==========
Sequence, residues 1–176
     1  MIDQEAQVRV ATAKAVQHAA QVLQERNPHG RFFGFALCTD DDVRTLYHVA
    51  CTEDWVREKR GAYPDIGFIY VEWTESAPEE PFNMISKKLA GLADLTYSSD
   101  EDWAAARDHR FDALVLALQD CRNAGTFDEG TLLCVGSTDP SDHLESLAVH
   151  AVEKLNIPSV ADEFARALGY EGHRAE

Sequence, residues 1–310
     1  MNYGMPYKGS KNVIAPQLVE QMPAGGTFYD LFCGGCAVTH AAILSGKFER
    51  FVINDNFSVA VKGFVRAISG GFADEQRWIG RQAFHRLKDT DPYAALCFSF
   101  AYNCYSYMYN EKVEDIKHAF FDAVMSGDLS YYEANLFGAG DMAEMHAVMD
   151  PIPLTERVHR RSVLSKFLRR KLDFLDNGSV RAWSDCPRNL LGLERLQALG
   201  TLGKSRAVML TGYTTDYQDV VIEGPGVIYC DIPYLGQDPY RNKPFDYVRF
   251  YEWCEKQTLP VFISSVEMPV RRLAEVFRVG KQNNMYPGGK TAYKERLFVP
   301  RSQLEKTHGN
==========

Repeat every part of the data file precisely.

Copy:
Sequence, residues 1–176
     1  MIDQEAQVRV ATAKAVQHAA QVLQERNPHG RFFGFALCTD DDVRTLYHVA
    51  CTEDWVREKR GAYPDIGFIY VEWTESAPEE PFNMISKKLA GLADLTYSSD
   101  EDWAAARDHR FDALVLALQD CRNAGTFDEG TLLCVGSTDP SDHLESLAVH
   151  AVEKLNIPSV ADEFARALGY EGHRAE

Sequence, residues 1–310
     1  MNYGMPYKGS KNVIAPQLVE QMPAGGTFYD LFCGGCAVTH AAILSGKFER
    51  FVINDNFSVA VKGFVRAISG GFADEQRWIG RQAFHRLKDT DPYAALCFSF
   101  AYNCYSYMYN EKVEDIKHAF FDAVMSGDLS YYEANLFGAG DMAEMHAVMD
   151  PIPLTERVHR RSVLSKFLRR KLDFLDNGSV RAWSDCPRNL LGLERLQALG
   201  TLGKSRAVML TGYTTDYQDV VIEGPGVIYC DIPYLGQDPY RNKPFDYVRF
   251  YEWCEKQTLP VFISSVEMPV RRLAEVFRVG KQNNMYPGGK TAYKERLFVP
   301  RSQLEKTHGN